• In December 2018 Hermiz and Dina entered into a contract to sell the land with settlement due in February 2019.
  • In January 2019 Yousif lodged a caveat claiming an interest in the land pursuant to a court order under the Family Law Act.  There was no order giving such an interest.  The caveat was voluntarily removed.
  • On 1 February 2019 Yousif via a firm of solicitors lodged the caveat the subject of this proceeding claiming a freehold estate on the basis of an implied, resulting or constructive trust.  Hermiz’s solicitors wrote to Yousif’s solicitors expounding the absence of basis for the caveat and forshadowing an application for damages and indemnity costs.
  • Hermiz and Dina could not complete the sale, but gave the purchaser possession under a licence and also remained liable to keep up mortgage repayments.
  • Hermiz applied under the TLA s. 90(3) to remove the caveat.
  • Two days before the Supreme Court hearing Yousif filed an application in the Federal Circuit Court for a property order, in particular for an order that the net proceeds of sale of this property be held in trust pending final orders, supported by an affidavit including allegations referred to in 1 below.

Derham AsJ held:

  1. Yousif had not discharged the burden of establishing a serious question to be tried (in the sense of a prima facie case) of the interest in land claimed in the caveat.  There was insufficient evidence of a Muschinski v Dodds constructive trust: her allegation of cooking, cleaning and supporting Hermiz financially whilst he studied for his Australian medical qualification more than a decade before purchase of the land did not reveal that it is or would be unconscionable for him to deny her an interest in the land. [32]-[37], [40], [41]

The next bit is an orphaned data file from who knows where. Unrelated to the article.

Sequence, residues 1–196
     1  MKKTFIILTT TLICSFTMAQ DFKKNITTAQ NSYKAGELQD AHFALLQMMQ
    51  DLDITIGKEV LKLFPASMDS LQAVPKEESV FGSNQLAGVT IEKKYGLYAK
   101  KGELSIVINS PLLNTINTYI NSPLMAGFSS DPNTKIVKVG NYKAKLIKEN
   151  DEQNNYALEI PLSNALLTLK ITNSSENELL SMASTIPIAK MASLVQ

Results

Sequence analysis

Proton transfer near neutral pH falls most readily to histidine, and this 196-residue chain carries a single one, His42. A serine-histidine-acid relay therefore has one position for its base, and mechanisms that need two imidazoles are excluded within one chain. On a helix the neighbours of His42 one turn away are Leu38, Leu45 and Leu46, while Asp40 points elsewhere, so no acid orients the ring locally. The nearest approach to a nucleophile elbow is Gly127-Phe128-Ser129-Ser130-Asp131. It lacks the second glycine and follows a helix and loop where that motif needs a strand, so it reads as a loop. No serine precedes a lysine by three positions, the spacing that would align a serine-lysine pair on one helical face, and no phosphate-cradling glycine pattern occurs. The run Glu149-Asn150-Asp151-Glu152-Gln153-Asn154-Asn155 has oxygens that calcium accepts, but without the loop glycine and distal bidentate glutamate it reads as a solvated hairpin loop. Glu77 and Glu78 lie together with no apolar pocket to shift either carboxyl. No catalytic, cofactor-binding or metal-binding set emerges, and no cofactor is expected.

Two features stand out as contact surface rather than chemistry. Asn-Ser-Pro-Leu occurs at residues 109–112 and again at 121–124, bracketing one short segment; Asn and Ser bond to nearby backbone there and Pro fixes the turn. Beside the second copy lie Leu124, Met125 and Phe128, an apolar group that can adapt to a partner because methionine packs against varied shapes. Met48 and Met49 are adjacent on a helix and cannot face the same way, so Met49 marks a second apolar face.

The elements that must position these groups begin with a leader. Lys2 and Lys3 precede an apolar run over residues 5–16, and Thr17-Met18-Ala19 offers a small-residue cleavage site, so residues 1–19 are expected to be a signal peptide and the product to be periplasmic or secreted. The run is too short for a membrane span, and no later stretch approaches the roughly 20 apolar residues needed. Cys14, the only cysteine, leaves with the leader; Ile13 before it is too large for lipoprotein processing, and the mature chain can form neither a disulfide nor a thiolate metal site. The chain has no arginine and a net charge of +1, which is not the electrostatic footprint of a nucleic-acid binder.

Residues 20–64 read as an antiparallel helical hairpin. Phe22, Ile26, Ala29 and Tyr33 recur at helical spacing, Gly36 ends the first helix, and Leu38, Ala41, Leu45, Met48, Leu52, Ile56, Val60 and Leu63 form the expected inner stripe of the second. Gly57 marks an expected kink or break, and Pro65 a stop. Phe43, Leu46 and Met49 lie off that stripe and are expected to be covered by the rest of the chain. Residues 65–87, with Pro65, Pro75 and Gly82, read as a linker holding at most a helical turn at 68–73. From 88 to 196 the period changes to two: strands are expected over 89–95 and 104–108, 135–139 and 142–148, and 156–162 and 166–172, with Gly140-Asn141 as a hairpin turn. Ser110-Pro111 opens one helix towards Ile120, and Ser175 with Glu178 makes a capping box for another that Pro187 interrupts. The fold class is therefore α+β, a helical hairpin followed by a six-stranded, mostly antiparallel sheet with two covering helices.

2. On the dissolution of marriage or the breakdown of a de facto or domestic relationship, the scope of the Federal Circuit Court’s power to alter property interests was determined by legislation, in this case the Family Law Act s. 90SM, rather than by the principles of constructive trusts.  The Family Law Act did not, of itself, give a party to a ‘marriage’ or a de facto relationship a caveatable interest, although an order under that Act could have that effect. [38], [39]
  3. The balance of convenience was also against Yousif. [42]
  4. Hermiz was justified in applying under the TLA s. 90(3) as opposed to using the administrative procedure in s. 89A. The very reason for the summary procedure under s. 90(3) was to enable an application that avoided the delay involved under s. 89A. [44], [45]